SCOTTISH Labour have been overruled by the UK leadership after pledging to stand up for women financially hit by sudden increases to the state pension age, The National can reveal.

The Parliamentary and Health Service Ombudsman (PHSO) concluded in a report published this week that women born in the 1950s affected by state pension changes that were not communicated adequately should receive an apology and payouts of up to £2950.

Scottish Labour politicians have regularly been pictured with campaigners from Women Against State Pension Inequality (WASPI) for years, and deputy leader Jackie Baillie was stood with activists in West Dunbartonshire just a fortnight ago.

But the UK Labour Party have instructed their counterparts north of the Border not to commit to any sort of compensation scheme and simply suggest they will “consider the report”.

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Just last year, Scottish Labour chief Anas Sarwar joined women at Paisley's Sma Shot Parade, walking behind their WASPI banner. The Glasgow, Lanarkshire, Dunbartonshire and Renfrewshire WASPI group thanked him for his support for their campaign, which at the time specifically called for recommendations of compensation for the women affected.

Sarwar also shared a page on his website in 2017 arguing for justice for WASPI women. That post has now been removed.

In 2017 he called on the SNP to work across parties to introduce a Scottish Pension Credit to help the women get "justice", criticising the Scottish Government for making the WASPI issue into a "constitutional fight".

“We need urgent action to end the hardship faced by women who have worked all their lives and find that they cannot retire as planned," he said.

But in messages seen by The National, Scottish Labour have forwarded UK Labour lines to MSPs and staff which say it is a “serious report that requires serious consideration”.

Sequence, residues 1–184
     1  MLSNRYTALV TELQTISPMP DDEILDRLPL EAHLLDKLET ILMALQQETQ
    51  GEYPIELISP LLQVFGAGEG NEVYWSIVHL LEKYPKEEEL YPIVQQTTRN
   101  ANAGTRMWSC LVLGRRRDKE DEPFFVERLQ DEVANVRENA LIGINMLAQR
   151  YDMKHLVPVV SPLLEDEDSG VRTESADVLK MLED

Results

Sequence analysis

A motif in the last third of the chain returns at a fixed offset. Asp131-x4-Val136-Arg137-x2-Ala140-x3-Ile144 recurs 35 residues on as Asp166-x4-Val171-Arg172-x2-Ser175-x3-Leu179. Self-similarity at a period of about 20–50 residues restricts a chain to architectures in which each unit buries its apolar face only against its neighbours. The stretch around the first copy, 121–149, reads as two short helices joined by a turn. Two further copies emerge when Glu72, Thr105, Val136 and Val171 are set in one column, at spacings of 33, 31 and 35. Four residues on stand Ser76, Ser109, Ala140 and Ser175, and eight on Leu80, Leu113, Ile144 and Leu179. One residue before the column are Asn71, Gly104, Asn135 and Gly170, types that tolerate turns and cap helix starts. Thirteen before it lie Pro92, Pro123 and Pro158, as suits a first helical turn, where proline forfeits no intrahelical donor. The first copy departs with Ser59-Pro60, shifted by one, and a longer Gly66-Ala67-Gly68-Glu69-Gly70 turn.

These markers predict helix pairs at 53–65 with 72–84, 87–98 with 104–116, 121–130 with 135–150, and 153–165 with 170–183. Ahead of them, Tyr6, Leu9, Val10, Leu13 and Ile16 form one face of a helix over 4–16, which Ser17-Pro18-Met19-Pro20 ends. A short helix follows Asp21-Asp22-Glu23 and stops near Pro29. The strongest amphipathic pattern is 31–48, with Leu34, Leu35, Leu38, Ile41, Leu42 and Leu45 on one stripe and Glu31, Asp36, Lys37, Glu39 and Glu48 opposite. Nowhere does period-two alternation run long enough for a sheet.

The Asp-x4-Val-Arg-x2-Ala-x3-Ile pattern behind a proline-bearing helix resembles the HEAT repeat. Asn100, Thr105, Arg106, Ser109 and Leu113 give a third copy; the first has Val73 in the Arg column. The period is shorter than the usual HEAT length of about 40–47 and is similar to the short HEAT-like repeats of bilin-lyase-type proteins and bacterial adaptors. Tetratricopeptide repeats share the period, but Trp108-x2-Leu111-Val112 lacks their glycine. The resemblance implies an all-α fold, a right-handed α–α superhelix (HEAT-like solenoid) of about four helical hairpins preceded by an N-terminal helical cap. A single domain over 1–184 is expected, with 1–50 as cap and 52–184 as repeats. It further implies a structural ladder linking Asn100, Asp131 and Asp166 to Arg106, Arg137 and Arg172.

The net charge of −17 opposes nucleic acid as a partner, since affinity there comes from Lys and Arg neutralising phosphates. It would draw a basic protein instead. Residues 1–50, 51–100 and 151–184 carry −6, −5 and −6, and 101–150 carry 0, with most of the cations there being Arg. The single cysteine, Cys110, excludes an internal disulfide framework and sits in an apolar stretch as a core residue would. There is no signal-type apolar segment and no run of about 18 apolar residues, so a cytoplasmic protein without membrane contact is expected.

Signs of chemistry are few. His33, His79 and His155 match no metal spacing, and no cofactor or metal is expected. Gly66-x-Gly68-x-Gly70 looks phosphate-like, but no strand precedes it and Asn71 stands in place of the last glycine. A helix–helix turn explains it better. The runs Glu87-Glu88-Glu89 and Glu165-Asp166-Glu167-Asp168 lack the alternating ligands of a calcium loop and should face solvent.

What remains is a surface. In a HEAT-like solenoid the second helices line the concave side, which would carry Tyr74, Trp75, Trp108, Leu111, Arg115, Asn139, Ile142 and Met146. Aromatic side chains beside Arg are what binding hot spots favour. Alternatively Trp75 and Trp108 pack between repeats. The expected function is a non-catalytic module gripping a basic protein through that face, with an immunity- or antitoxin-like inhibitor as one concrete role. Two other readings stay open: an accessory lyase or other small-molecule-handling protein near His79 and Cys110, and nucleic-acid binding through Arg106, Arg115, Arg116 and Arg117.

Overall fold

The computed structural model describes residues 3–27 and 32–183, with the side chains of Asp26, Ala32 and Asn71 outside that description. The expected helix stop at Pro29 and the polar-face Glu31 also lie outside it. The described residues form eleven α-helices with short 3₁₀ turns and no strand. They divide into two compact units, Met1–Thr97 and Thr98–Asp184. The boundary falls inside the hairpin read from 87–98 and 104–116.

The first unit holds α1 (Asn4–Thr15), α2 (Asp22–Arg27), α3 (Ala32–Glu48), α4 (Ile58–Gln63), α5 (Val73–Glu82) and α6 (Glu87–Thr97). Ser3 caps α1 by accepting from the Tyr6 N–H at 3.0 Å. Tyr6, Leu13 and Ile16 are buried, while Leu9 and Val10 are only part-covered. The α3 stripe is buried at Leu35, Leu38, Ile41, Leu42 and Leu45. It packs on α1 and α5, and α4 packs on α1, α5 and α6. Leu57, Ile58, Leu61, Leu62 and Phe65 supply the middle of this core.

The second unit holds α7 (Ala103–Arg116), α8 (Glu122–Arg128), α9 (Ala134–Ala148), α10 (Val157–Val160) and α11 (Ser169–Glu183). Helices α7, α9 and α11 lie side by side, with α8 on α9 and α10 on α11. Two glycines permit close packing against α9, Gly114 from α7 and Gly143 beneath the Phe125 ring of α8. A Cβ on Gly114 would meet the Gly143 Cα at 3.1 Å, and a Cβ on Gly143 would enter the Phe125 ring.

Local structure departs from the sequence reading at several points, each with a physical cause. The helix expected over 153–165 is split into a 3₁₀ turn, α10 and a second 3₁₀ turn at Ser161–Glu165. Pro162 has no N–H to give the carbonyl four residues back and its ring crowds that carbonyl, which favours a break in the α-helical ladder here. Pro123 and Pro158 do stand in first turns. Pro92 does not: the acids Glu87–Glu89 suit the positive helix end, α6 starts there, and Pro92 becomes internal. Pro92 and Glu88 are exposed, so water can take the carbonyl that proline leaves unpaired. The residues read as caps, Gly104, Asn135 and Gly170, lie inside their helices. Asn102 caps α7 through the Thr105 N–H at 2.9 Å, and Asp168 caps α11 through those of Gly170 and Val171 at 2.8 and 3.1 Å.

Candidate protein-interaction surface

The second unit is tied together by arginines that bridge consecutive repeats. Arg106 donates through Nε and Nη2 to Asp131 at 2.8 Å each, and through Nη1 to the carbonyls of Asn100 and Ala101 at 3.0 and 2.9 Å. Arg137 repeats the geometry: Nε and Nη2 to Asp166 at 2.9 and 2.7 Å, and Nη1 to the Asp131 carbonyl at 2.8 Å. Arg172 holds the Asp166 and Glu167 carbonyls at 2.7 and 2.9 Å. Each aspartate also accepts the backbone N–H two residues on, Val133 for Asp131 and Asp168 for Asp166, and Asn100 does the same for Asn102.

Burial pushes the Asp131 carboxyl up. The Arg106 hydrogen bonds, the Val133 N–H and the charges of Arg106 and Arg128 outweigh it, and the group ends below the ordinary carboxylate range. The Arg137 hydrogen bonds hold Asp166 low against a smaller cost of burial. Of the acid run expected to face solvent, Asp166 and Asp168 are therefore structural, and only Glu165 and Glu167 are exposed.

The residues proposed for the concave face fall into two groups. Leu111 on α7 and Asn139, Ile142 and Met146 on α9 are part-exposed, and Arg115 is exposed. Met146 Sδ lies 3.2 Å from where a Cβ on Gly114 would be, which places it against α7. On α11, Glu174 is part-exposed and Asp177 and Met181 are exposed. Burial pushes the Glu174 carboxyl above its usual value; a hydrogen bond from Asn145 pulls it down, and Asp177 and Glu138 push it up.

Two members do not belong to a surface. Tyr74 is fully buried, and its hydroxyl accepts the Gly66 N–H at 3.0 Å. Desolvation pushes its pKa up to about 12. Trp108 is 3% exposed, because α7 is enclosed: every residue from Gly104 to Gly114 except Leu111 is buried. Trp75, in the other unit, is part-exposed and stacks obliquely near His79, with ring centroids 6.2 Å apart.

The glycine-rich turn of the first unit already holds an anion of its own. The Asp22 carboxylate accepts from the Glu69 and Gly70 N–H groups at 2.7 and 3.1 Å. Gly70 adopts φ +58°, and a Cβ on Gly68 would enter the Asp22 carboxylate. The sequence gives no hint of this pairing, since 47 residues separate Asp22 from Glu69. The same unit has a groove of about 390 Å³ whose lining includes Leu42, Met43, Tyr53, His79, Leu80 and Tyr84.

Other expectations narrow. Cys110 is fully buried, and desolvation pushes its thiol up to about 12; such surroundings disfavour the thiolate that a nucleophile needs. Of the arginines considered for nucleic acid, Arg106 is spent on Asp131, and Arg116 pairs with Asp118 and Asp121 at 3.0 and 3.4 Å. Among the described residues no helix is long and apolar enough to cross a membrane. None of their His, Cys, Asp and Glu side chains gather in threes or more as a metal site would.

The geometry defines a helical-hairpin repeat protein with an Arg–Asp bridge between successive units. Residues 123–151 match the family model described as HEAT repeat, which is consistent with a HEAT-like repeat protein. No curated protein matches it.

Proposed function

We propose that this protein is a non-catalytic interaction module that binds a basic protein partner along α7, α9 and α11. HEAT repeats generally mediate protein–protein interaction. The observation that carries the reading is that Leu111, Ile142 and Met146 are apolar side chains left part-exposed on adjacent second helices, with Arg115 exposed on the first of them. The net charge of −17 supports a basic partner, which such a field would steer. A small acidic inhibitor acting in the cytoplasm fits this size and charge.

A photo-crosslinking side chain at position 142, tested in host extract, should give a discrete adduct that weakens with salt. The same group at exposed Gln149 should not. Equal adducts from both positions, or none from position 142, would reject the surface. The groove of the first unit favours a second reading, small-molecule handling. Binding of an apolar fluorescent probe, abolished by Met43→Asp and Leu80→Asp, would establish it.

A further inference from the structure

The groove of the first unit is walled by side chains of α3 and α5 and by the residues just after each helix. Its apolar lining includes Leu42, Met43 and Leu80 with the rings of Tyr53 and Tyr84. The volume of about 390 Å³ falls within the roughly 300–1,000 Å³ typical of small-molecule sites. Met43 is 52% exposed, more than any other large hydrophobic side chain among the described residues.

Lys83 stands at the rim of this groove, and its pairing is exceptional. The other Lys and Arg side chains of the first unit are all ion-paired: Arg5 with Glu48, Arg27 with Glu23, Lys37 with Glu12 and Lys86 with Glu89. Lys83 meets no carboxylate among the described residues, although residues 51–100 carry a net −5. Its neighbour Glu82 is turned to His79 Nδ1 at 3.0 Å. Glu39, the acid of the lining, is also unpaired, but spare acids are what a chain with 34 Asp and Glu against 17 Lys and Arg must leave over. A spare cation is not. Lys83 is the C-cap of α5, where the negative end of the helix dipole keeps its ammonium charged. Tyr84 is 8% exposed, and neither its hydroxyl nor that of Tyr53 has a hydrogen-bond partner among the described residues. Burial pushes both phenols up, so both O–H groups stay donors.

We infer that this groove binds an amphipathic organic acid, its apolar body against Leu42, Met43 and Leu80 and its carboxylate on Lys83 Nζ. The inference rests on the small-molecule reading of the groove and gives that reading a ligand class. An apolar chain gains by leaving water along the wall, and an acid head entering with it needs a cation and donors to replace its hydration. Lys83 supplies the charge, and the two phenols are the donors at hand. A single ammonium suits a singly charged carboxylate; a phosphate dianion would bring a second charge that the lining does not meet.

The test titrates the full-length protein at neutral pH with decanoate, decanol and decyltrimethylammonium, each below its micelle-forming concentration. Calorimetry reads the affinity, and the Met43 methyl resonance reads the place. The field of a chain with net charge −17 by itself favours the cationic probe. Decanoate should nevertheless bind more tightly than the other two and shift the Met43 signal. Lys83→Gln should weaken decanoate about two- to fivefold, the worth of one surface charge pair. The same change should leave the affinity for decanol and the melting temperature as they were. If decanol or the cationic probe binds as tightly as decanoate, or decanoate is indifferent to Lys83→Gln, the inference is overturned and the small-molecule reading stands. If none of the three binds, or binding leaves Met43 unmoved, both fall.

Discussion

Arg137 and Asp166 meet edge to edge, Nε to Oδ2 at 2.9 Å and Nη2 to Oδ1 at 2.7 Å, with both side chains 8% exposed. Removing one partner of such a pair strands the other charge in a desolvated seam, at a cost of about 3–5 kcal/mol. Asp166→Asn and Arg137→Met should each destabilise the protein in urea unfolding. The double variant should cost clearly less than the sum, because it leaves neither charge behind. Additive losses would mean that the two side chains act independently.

Instead of pledging any sort of compensation scheme, Scottish Labour have been told the line to go with is a promise to guarantee “information about any changes to the state pension age are provided in a timely and targeted way and tailored to individual needs”.

They have also been instructed to not make “any unfunded spending commitments we cannot keep” if asked about compensation.

This falls far short of a commitment made in 2019 by Labour under Jeremy Corbyn for a £58 billion compensation package to settle a "historical debt of honour" in the world of then-shadow chancellor John McDonnell.

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SNP MP Ronnie Cowan called on Scottish Labour to "grow a backbone" as he pledged to push for an apology and compensation from the UK Government.

He said: "Time and time again Scottish Labour fold under orders from their Westminster bosses - it is long past time they grew a backbone.

"The SNP has been supporting WASPI campaigners for years - and we won't stop until the UK government apologises and pays out the compensation these women deserve. 

"This is why it is vital that at the Westminster election, people vote SNP to elect a strong team of SNP MPs who will stand up for Scotland and campaign for those who deserve justice."

The full cost of the package recommended in the report could be anywhere between £3.5bn and £10.5bn, but the Department for Work and Pensions is not willing to commit to a scheme.

The PHSO has asked parliament to intervene and “act swiftly” to make sure one is established, but it would seem the Labour leadership are not for getting “in front” of the Government.

In an interview on Friday, Labour frontbencher Emily Thornberry refused to commit to paying WASPI women any compensation if her party is to form a government.

During the exchange on BBC Breakfast, she complained about being asked questions about what Labour would do about various scandals if they were at the helm.

Asked whether her party would pay up for WASPI women, she said: “I just think that the way to do this is not for the Labour Party to get in front of the Government here.

“I think we have to hold the Government to account and make sure the Government does its job properly which is that it responds to this report first.

“It isn’t just about this, because if they get away with this, then it will be what’s Labour going to do about Horizon, what’s Labour going to do about the postmasters, what’s Labour going to do about contaminated blood...”

After attempting to divert attention towards Rishi Sunak, she insisted she couldn’t remember the party proposing a fully costed compensation scheme.

She said: “I don’t remember any figures.”

Asked if it was not unreasonable for women to expect her to look back at her notes, she said: “I haven’t looked at notes I may or may not have made six years ago.”

Scottish Labour have been approached by The National for comment.